Flying against Fate

Flying against Fate

Superstitions and Allied Aircrews in World War II

Sam Willis

S. P. MacKenzie, University Press of Kansas, Lawrence, Kansas, 2017, 264 pages

Book Review published on: November 3, 2017

It is not entirely unheard of, but certainly unusual, when the page count of appendices, endnotes, bibliography, and index outnumber the body of a book. This is not necessarily a bad thing, as these “extras” can add richness and clarity to text that presents itself a little dryly. In this case, the extras add not only richness and clarity but also contribute significantly to coherence. In all fairness, S. P. MacKenzie has taken on a challenging task. Flying against Fate: Superstitions and Allied Aircrews in World War II highlights and attempts to explain the enormous variety of behaviors adopted or employed by aircrews to survive in an incredibly hostile environment. It is only recently that popular media has acknowledged the carnage in the skies during World War II, especially over Europe. Casualties were high, not only in terms of gross numbers but also in terms of percentages. During the war, and for many years following, specific air battles (e.g., Schweinfurt, Regensburg, and Ploesti) were highlighted as costly but courageous. However, the sense that the campaign overall was a deadly, grinding war of attrition has not been fully acknowledged until recently.

MacKenzie sets the stage for his book well, pointing out that the Royal Air Force (RAF) Bomber Command losses amounted to 59,243 out of approximately 125,000 crewmembers (a 45.5 percent loss rate overall). The losses skewed in time, with higher rates earlier in the war. At the time, these losses were not public knowledge, of course, but the crewmembers could see with their own eyes that aircraft were being shot out of the sky, bunks were empty at the end of the day, and, when new faces appeared, they quickly disappeared. They were clever enough to develop their own trend lines and probability calculations, and then conclude that the odds of surviving were grim. Through the end of chapter 1, MacKenzie lays out a masterful argument for why crewmembers might turn to superstitious behavior to improve their odds of survival. Other than training to master their craft, there was little done to influence their fate, and no matter how well they trained, deadly experiences could await them.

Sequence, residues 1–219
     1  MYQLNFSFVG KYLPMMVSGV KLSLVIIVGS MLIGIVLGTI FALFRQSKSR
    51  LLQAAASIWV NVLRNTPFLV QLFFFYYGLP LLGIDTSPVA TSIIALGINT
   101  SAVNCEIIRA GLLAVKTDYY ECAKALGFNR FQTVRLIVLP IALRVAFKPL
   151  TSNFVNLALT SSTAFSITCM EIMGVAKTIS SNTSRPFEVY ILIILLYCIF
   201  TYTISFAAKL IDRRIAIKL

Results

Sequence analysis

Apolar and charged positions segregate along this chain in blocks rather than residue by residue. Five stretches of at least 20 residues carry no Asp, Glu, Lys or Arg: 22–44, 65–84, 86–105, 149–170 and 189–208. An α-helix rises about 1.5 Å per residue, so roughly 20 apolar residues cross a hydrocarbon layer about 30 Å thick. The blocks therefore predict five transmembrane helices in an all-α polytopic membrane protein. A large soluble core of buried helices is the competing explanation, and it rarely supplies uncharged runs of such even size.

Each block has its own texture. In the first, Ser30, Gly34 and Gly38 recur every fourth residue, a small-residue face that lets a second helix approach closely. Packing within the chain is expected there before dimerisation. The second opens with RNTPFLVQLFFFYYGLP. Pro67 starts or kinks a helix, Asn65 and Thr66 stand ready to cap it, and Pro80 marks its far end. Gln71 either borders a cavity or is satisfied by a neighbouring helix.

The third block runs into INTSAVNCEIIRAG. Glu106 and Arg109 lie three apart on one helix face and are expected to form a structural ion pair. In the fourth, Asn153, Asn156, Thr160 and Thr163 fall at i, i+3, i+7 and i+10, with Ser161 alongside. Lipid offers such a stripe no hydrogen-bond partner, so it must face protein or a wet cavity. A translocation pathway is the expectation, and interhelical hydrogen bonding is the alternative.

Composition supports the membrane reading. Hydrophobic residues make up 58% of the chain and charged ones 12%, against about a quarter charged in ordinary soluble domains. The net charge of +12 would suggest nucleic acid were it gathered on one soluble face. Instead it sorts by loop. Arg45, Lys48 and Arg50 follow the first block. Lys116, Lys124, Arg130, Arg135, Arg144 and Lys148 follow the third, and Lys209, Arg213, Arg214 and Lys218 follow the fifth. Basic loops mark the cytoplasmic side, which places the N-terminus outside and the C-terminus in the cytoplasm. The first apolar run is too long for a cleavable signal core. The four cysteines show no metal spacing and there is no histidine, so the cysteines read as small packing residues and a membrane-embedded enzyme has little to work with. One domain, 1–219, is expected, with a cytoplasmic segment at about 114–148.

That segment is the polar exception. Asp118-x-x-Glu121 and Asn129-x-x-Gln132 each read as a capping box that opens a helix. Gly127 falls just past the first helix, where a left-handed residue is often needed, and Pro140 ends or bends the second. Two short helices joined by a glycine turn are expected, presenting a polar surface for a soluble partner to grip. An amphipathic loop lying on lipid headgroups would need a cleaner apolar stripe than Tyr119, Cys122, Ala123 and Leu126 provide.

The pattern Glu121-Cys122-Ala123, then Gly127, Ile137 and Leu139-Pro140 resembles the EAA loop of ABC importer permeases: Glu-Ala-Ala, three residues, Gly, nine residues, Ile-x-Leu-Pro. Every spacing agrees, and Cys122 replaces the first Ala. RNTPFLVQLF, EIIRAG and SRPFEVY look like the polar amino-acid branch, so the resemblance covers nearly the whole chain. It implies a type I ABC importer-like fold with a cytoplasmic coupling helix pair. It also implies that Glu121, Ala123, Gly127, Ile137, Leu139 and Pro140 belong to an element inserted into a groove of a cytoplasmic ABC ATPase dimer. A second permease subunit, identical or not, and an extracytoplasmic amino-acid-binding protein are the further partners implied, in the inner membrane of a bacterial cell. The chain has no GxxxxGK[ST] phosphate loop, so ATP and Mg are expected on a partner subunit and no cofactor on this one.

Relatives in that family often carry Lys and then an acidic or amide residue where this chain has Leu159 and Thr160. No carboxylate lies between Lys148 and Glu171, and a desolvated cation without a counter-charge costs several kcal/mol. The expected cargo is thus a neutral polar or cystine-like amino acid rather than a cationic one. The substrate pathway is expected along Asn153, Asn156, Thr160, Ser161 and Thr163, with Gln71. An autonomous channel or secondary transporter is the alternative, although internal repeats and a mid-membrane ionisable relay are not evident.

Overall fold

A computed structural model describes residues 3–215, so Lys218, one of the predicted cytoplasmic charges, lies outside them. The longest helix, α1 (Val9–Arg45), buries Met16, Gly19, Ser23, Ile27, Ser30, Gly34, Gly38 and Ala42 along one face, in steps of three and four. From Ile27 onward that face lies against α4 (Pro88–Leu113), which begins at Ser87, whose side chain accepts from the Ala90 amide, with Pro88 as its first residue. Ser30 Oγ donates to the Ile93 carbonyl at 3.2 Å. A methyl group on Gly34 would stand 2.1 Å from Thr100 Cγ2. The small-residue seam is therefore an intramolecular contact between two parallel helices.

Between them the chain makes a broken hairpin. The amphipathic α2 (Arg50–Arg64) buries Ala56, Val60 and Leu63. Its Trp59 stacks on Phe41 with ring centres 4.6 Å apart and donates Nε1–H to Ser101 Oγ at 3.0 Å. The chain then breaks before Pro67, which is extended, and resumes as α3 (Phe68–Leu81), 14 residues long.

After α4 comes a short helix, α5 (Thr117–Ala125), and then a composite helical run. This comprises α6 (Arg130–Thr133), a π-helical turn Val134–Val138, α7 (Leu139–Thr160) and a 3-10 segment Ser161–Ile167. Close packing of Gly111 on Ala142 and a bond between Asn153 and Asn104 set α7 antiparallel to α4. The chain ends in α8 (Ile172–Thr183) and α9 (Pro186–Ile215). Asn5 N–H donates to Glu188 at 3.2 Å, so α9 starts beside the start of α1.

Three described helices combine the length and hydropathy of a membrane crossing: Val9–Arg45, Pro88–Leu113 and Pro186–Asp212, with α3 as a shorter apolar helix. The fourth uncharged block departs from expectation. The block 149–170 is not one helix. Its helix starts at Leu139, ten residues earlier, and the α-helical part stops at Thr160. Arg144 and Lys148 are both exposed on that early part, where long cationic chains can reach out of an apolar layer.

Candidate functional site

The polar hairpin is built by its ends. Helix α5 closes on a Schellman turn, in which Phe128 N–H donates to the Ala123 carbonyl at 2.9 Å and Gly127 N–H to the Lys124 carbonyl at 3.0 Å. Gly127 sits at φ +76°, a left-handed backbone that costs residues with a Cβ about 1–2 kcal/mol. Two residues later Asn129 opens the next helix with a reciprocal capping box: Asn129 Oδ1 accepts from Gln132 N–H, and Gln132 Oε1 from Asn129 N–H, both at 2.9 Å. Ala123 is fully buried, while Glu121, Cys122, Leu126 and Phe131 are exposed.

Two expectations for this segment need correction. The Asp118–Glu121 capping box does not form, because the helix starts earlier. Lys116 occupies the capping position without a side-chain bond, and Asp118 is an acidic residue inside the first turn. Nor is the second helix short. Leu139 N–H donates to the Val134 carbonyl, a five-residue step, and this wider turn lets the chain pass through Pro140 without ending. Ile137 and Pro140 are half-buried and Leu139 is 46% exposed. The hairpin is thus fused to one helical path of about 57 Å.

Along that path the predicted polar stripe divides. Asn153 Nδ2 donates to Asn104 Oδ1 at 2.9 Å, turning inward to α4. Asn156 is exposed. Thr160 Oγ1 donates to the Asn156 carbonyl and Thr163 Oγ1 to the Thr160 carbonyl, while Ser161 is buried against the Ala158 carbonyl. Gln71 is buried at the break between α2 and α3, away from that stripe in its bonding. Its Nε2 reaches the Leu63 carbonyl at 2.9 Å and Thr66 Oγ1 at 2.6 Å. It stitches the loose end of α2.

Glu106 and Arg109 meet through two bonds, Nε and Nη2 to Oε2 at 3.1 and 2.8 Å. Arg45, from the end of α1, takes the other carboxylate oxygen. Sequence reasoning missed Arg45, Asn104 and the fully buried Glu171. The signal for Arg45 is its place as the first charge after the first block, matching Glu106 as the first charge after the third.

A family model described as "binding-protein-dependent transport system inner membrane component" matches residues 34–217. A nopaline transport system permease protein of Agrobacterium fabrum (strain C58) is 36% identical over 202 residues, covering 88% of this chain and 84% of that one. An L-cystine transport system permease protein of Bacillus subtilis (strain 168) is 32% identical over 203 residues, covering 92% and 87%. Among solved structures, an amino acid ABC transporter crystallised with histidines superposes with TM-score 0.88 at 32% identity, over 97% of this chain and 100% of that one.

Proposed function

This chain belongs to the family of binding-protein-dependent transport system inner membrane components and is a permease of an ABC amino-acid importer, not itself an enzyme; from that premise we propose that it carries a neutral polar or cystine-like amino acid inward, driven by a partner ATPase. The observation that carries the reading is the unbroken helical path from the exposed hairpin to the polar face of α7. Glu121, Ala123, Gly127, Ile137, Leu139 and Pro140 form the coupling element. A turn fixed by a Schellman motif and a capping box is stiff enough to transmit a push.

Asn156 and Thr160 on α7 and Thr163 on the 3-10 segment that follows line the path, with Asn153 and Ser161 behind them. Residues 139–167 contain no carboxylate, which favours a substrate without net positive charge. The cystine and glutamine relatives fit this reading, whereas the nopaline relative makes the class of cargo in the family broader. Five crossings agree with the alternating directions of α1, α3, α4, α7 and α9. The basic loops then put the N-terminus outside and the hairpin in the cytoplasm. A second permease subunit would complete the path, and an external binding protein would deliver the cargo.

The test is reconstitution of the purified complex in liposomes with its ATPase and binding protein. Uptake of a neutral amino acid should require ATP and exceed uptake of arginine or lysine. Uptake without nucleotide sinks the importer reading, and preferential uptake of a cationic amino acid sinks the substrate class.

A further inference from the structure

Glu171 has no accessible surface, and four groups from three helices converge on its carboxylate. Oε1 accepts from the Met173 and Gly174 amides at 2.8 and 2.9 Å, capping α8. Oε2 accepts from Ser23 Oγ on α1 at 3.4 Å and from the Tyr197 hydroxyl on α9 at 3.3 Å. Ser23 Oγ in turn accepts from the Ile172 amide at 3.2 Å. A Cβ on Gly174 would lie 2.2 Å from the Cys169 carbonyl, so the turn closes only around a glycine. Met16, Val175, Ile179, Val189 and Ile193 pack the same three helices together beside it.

Sadly, MacKenzie’s narrative loses coherence beyond that. He looks at the phenomenon through six different lenses: religious faith, good-luck charms, ritualistic behavior, jinxes, numerology and symbology, and premonitions. Even acknowledging that many may take offense to religious observance and prayer being lumped in with superstition, MacKenzie’s organization of the subject matter leaves much desired. Other than the chapter headings, there is no further apparent organization of the subject matter. Consequently, the narrative reads very much like stream of consciousness, jumping from the RAF to the U.S. Army Air Forces (USAAF), from Pacific to European theaters, from squadron to squadron, and from aircraft type to aircraft type.

He does recognize the distinct contexts of the different periods of the war, the different environments of bomber crews in the RAF and the USAAF, and the difference between bombers crews and fighter pilots. In MacKenzie’s defense, that is a complex tapestry. Still, the coherence of the book would be greatly improved by subchapter headings and organization that would enable the reader to place context and pattern around an otherwise rambling narrative. The book is not without merit, but the best parts are in the introductory chapters, the conclusion, and the appendices.

Book Review written by: Thomas E. Ward II, PhD, Fort Leavenworth, Kansas